“Isn’t the coronavirus a Mexican beer?”
These were the incredulous words of Mel Crawford after learning that last month’s Pickaway County Fair is thought to have infected 22 people with Covid-19, leading to at least one death.
“There’s no way a beer could do all that,” protests the event’s director. “Not even Michelob Ultra.”
The Pickaway County Health Department would beg to differ.
On June 20, the weeklong fair launched its 75th edition, offering residents a respite of delightful Americana. Kids squealed shoulder-to-shoulder on rides. Couples bought funnel cakes and snow cones from maskless vendors. Families crowded into barns to see the chemically-enhanced livestock.
What officials didn’t know was that a deadly pandemic had begun to assault the country five months earlier – and that it was wholly unrelated to beer. Covid’s death toll now approaches 150,000. But since the federal government downplayed virus, many were left unaware.
Word of the pandemic could only be gleaned through newspapers, television broadcasts, websites, radio shows, podcasts, and all other forms of communication. That wasn’t nearly enough to reach the majestic fields of Pickaway County, which sits due south of Columbus.
“I mean, why don’t they publicize these things?” asks Crawford. “We could have at least jacked up our liability insurance.”
The unforeseeable circumstances have now led county health officials to deem the fair a super-spreader event. They note that fair staff and vendors didn’t wear masks, and that condiments were set out for all to use, giving the virus a base camp to incubate and plot its offensive.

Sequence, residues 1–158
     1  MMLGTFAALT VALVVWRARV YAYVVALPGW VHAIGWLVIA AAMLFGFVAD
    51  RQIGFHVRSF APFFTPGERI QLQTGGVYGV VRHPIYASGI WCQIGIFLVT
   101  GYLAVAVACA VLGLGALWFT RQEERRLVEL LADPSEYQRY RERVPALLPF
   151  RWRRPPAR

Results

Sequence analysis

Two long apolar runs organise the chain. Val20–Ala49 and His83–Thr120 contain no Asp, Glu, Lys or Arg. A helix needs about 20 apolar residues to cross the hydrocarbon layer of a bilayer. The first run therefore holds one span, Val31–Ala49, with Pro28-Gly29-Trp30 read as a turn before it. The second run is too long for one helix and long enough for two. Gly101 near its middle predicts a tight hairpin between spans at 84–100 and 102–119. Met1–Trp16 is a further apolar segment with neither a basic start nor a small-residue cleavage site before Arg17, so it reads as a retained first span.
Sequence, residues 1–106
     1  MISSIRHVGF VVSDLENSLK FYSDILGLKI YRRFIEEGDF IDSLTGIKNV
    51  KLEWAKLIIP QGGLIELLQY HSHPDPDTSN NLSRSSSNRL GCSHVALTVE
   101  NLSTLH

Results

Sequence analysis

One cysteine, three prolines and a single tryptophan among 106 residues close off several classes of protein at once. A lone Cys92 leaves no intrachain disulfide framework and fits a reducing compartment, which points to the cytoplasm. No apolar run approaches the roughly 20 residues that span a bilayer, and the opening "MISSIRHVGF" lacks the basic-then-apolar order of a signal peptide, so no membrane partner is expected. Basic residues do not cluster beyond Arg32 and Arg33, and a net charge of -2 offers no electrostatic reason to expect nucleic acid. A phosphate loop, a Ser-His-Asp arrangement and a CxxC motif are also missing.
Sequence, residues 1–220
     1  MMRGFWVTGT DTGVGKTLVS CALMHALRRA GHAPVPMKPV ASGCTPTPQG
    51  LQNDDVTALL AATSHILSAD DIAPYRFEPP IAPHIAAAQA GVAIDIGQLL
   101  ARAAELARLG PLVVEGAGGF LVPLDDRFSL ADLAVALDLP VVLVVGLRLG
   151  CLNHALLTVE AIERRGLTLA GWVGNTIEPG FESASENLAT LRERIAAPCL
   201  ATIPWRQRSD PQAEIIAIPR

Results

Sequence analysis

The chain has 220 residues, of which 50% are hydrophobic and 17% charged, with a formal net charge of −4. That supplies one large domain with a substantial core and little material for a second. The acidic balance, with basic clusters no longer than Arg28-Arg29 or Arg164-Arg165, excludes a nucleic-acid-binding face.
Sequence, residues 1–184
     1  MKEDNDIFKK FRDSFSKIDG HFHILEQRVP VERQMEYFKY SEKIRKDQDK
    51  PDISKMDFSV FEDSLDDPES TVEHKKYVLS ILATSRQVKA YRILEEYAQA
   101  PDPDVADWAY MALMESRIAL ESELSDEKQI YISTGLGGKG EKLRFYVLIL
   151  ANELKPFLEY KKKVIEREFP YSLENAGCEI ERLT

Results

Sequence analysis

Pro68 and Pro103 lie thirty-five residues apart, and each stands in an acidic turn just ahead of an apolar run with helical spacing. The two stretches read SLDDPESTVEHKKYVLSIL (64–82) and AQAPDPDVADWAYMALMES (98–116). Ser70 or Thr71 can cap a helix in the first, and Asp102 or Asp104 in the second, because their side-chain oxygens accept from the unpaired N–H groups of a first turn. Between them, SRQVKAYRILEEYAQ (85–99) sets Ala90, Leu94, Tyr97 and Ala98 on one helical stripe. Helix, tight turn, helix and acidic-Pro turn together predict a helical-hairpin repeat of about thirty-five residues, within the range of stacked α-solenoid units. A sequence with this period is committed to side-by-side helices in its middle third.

The health department further reports that hand sanitizer wasn’t used by ticket takers, bleachers were crowded, and social distancing limited. Though the department offered detailed safety plans prior to the event, fair staff shouldn’t be to blame, says Crawford. “We weren’t really listening. They should have talked louder.”
Von Cremeans disputes the Health Department’s findings. He’s the president of the Pickaway County Agricultural Society, which operates the event. “I don’t know how they can trace it back to the fair,” he told the Chillicothe Gazette.
That sentiment is echoed by Crawford. He contends the virus could just as easily been spread through “witchcraft,” since Jehovah’s Witnesses have been spotted in the area.
Besides, he adds, rumor has it the lone death was that of Mark Koivu, “who nobody even likes. He once borrowed Jack Slater’s bandsaw and didn’t return it for like three weeks.”
Crawford admits to hearing something about a virus in the months leading up to the fair, but a friend told him it could be “cured by drinking toilet bowl disinfectant or something like that.”
Though Ohio Governor Mike DeWine banned
further large-scale fairs on Tuesday, Crawford says there are no plans to cancel the Pickaway fairground’s next event, the annual Gun-A-Palooza
on August 22. The expo features men crammed into a barn for a day of free food, $1 beer, and gun raffles.
This time, however, there will be precautions. Attendees will be required to take a shot of Kaboom Bowl Blaster at the door. And if a Mexican beer distributor shows up, says Crawford, “We’ll show 'em we take our Second Amendment rights seriously.”